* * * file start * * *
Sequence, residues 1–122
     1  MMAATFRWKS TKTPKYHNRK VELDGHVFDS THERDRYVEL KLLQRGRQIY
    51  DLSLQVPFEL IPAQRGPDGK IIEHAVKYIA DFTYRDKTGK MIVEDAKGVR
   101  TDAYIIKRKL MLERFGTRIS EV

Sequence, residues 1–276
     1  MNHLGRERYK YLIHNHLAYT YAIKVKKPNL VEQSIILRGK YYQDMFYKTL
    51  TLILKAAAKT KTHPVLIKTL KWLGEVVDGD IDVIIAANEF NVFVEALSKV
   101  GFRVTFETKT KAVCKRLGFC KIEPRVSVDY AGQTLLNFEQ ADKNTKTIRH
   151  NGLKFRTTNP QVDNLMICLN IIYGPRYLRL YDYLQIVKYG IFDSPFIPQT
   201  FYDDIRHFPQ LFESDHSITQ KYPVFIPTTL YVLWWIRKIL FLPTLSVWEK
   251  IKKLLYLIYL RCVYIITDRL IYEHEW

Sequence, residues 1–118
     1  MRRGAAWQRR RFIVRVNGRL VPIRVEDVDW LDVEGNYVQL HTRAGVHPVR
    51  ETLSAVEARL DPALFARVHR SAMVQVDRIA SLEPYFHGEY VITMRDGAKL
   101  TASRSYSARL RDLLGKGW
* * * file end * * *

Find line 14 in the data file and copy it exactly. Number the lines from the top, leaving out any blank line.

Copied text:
    51  ETLSAVEARL DPALFARVHR SAMVQVDRIA SLEPYFHGEY VITMRDGAKL